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Will office mapping software work for you ?

Updated: May 3, 2021

Whenever we are involved with delivering and installing what are basically shared assets to an organisation (desks, lockers, meeting tables) don't think we are blind to the fact that these shared assets need management.

Think about it - how will you know who is using what and how often ? How will you know if you have enough resources where they are needed? When people complain (which they will) what info do you have to assess the validity of their claims ?

So the answer would seem to be to turn to some software to manage this whole process.

We thought we'd have a look at what's available and give you our opinion (for what its worth).

The way we approached this is not to review 10 different brands of software. What we did was take a product we knew to be something of a leader in the field and looked at it from a point of view of; What are the hurdles for a successful implementation of this software ? We are trying to highlight the issues with any type of office mapping software ?

So starting with a quick overview- OfficeMaps from Australia provide you with a tool to help you manage the booking and reservation of shared office resources such as desks, lockers, meeting rooms and car parks. They seem to do this pretty well. There are two subscription levels - firstly what seems to be like a read only view of the office for $US49 per month per 100 users and secondly for $US79 for asset booking functionality (and other things). For a start, this would suggest you need min 100 users to get started.

Basically the way it works is, you load a map of a location/floor and place pins of different types to identify the asset and open it up for booking.

Assets such as desks, meeting rooms and printers are shown on a map of the office.

Our first reaction was to think about how people will use this. Users are supposed to book in and book out of the different assets. I can see a whole lot of people potentially booking in but NOT booking out ?

To collect good usage data you need to know when users are in the office, out of the office or on vacation which implies that they have to keep their calendar updated ? But wait, this is not connected to their Outlook or Google calendar ? Are they expected to update both calendars or just one because the calendar features in OfficeMaps will NEVER match the heavyweights.

Are people really going to update their calendar in Officemaps ?

The same data-integrity type problem would seem to arise from people leaving or new employees. The cloud based version isn't connected to Active Directory - the standard repository of all things "employee like". So is someone supposed to manually update the cloud based version with new employees and departees ? I can see this NOT happening ?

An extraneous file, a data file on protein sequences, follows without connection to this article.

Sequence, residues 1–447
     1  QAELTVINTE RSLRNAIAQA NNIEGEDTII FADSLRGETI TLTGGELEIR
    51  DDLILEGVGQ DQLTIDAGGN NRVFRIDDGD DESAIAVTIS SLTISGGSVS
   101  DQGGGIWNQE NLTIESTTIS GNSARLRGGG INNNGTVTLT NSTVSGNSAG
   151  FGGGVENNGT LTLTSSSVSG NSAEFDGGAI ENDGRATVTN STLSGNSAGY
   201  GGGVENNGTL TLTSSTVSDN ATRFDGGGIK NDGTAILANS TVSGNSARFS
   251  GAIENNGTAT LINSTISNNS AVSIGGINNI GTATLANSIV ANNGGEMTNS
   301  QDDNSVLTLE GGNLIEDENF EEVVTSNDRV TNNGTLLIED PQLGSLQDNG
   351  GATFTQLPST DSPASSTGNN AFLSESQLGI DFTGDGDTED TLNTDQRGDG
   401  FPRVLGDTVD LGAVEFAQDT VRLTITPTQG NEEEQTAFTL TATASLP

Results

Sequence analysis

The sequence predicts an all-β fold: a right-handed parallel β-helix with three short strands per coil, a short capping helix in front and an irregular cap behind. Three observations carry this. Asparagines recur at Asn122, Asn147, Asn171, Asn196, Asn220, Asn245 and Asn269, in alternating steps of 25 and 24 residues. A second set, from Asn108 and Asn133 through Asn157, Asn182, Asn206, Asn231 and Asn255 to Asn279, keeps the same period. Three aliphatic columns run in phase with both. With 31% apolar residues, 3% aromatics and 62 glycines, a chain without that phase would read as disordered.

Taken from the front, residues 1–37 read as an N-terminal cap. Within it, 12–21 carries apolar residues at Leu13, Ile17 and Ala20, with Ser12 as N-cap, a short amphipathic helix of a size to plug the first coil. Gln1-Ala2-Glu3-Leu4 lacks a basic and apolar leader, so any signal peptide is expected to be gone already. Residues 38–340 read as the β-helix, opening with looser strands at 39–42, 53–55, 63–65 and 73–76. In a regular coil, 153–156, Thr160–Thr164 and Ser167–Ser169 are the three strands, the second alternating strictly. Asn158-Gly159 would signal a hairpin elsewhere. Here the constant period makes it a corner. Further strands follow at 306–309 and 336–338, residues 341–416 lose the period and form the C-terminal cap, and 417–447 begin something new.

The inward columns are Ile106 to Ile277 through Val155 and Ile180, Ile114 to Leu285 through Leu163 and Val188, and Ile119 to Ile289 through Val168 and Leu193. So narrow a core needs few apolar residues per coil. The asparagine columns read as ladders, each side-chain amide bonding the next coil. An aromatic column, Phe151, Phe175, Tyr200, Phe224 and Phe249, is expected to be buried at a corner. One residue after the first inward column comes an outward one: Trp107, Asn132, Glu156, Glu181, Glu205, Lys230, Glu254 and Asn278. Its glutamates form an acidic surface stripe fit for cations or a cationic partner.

Most SAAS (software as a service) software tries to work as a stand alone product. Vendors are terrified of integrations because they know that means talking to IT and they will have 100 reasons not to use their product (mostly because they can). But a lot of software loses it's effectiveness without integration and this would appear to be a good example.

They do have a version that you can install on your own server and they whisper something about possible integrations with active directory but you get the feeling this is only there as a last resort to bring the tricky customer home.

So you are left with a few problems. How can users be certain that a particular desk is free when they log in ? Can we really expect a user to change their status as they move from desk to break-out area to meeting room and then back again ? What does the above uncertainty do to all the user data the organisation is collecting to make decisions about asset purchase and distribution ?

To me it turns it into a pulpy wet unintelligable mess ? The old adage "rubbish in - rubbish out" would seem to apply in this instance.

The pie charts look great but does the data really mean anything ?

This is NOT intended as a criticism of the vendor (or the product) as such. It's more a criticism of the data collection mechanism. It's relying on people who are already sick to death of being "monitored" to embrace a new level of "monitorisation" ( I made that word up:-).

So for example, sensors on the desk that automatically monitor whether it is being used would appear to be able to produce reliable data even if it doesn't help you with WHO is actually using that desk ?

I'm not arguing it's intrusive or crosses some privacy line - I just don't think there is any appetite from the user for more activity and monitoring apps.

And without the user playing ball - I just can't see how it can work ?


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